• It is specified that if the pledgeholder uses such realization method as acquisition of the pledged rights, they will pass to the pledgeholder when the pledgor receives its notice of acquisition of the rights (unless the law provides for a different moment of transfer of certain rights).

Distribution of proceeds

  • In case of extra-judicial realization of pledged property, the proceeds will be distributed by the notary (or the auction organizer, if there was an auction).
  • By analogy with the rule envisaged in the Mortgage Law, the amendments mention distribution of proceeds not only among the pledgeholders who submitted their claims, but also among “other creditors” of the pledgor. This raises a concern as to whether the proceeds may be used to discharge unsecured claims (although, on the contrary, the amendments to the Enforcement Law prohibit attachment of pledged property to secure claims of creditors who do not enjoy priority over the pledgeholder).
  • Besides, according to the amendments, the distribution of proceeds to pay fines and penalties is to follow the distribution of proceeds to discharge all the other claims.

Mortgage

Specific enforcement issues

Enforcement where the secured debt is to be discharged by way of periodic payments

  • The rule allowing the pledgeholder to enforce the mortgage upon systematic (i.e., more than three times in a twelve-month period) non-performance of the secured obligation, even if each delay is insignificant, applies both in case of judicial and extra-judicial enforcement. As previously, the application of this rule may be excluded in a mortgage agreement.

Specifics of acquiring mortgaged residential premises

  • The amendments provide for instances where the secured debt is considered fully discharged even if the current value of the mortgaged property is insufficient for that: this will happen provided (1) the mortgaged property constitutes residential premises, (2) it is acquired by the pledgeholder (where this is allowed by the law), and (3) the amount of the secured debt is less than or equal to the value of the mortgaged property as determined at the time the mortgage was granted. Thus, if the value of the mortgaged residential premises allowed to secure the debt in full when a mortgage loan was granted but decreased afterwards, the debt will still be considered discharged in full if the pledgeholder acquires such mortgaged premises.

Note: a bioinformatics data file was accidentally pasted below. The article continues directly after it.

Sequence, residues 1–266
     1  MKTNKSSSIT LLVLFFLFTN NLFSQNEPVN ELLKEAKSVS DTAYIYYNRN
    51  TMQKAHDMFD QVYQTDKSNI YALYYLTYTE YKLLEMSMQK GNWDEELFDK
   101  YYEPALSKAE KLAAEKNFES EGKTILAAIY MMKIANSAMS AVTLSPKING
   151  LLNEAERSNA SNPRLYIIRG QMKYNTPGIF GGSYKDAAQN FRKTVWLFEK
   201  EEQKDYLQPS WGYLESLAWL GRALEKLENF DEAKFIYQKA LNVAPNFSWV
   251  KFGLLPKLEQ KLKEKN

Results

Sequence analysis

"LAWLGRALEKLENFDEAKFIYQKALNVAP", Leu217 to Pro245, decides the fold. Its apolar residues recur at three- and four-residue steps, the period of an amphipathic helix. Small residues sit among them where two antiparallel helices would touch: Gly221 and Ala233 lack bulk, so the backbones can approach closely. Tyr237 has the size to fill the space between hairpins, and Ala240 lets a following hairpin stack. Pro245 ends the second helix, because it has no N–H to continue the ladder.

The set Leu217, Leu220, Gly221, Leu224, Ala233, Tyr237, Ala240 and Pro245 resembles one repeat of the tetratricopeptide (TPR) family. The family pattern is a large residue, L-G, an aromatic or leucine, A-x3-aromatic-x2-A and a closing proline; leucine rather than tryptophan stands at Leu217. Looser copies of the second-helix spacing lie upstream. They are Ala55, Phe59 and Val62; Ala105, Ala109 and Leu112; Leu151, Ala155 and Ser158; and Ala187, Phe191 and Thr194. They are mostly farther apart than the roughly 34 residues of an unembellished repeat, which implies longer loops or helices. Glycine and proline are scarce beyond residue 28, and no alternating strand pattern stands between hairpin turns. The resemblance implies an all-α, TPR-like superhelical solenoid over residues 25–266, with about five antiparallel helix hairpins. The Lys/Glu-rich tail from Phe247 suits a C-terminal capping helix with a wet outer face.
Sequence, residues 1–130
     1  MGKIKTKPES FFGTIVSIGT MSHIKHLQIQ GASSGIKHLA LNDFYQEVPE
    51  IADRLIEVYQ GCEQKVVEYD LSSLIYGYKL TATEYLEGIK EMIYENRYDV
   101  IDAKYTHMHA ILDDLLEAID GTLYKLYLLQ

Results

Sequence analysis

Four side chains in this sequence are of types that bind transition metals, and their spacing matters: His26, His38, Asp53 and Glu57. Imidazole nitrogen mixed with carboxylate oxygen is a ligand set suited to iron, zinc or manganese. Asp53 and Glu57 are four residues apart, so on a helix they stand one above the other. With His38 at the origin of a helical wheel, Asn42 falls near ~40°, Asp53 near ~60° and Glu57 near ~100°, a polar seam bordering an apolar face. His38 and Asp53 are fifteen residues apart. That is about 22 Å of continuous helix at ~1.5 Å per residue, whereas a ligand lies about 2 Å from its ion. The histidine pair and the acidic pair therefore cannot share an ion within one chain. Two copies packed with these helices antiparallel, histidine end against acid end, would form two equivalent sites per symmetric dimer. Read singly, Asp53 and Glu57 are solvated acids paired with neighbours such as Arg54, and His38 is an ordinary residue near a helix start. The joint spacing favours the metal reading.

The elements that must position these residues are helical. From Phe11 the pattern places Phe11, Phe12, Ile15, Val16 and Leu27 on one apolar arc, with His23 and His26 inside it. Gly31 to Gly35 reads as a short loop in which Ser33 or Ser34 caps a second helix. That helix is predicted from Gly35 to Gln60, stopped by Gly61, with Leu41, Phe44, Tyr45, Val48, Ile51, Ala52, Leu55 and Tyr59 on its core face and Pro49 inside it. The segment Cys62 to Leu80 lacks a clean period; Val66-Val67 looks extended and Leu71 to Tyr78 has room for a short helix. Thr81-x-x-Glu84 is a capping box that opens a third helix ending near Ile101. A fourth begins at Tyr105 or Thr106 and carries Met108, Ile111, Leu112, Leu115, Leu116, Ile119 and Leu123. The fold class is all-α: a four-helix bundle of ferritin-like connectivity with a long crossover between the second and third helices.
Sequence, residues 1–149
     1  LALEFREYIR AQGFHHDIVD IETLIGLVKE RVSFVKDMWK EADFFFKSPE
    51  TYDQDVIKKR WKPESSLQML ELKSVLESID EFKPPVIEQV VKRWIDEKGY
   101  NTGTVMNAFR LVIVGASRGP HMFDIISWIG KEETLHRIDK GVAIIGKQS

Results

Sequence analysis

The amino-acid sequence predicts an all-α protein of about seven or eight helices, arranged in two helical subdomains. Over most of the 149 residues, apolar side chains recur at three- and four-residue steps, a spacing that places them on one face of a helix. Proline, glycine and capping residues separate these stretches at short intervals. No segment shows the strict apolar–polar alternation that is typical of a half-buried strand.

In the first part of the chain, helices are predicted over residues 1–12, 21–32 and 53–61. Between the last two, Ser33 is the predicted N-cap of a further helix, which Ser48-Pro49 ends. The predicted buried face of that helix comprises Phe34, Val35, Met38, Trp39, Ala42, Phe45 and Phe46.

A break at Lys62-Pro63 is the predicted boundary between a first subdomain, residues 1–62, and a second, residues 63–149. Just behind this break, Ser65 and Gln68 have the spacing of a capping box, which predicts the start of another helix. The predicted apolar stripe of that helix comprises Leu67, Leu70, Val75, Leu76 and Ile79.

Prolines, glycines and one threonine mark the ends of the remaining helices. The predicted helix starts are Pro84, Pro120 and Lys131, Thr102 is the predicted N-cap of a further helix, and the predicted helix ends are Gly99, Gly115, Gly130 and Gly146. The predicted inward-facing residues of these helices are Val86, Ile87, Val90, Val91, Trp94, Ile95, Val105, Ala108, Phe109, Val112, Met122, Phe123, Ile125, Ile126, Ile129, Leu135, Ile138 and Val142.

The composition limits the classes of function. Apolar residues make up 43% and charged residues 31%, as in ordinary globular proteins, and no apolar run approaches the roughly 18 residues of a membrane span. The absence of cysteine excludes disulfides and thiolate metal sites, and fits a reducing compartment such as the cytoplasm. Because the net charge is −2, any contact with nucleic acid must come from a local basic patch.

Issues other than enforcement

Registration of a mortgage; termination of the record on a mortgage

  • The amendments shorten the current one-month term for registration of mortgages over land plots, buildings and non-residential premises: such mortgages are to be registered within 15 business days and, if a mortgage agreement is notarized, within 5 business days of the submission of the required documents. In the latter case it is the notary who is responsible for the legal expert analysis of the documents and the legality of the transaction.
  • If a mortgage agreement is notarized, it may be registered, in particular, based on an application of the notary who notarized it.
  • A mortgageholder or a mortgagor may ask the notary to apply for the termination of the registration record on the mortgage. The mortgagor’s application is to be accompanied by a number of documents, including one confirming the discharge of the secured debt and signed by the pledgeholder.

Mortgage of buildings and premises

  • The parties will no longer be able to agree that the mortgage of a land plot does not extend to the mortgagor’s buildings located or being built thereon: mortgage over a land plot will always extend to such buildings.
  • Where a building is mortgaged there will no longer be any need to also mortgage the lease rights to the underlying land plot (as opposed to a land plot owned by the mortgagor), because the mortgage over the building will extend to the land lease rights automatically.
  • The amendments expressly provide that where non-residential premises are mortgaged, the right to share in the common title to the relevant building and the share in title to the relevant land plot (rights of a co-tenant of the land plot) are deemed mortgaged as well.

Statutory mortgage

  • A statutory mortgage over a building or premises (both residential and non-residential) acquired (built) with borrowed funds will arise upon registration of the mortgage over such building or premises (rather than registration of the borrower’s title to such building or premises, as was the case previously). Registration is to be effected based on an application of the mortgageholder (mortgagor).

Pledge of Aircraft, Vessels and Rolling Stock

The amendments confirm that pledge (mortgage) agreements with respect to aircraft, sea and river vessels, rolling stock and spacecraft do not need to be notarized.

The amendments will enter into force on 7 March 2012, save for the rules regarding stamp duty for notarization of participation interest pledge agreements, which entered into force on 8 January 2012.

For further information please contact Igor Ostapets or Irina Dmitrieva in the Moscow office of White & Case, tel + 7 495 787 3000 .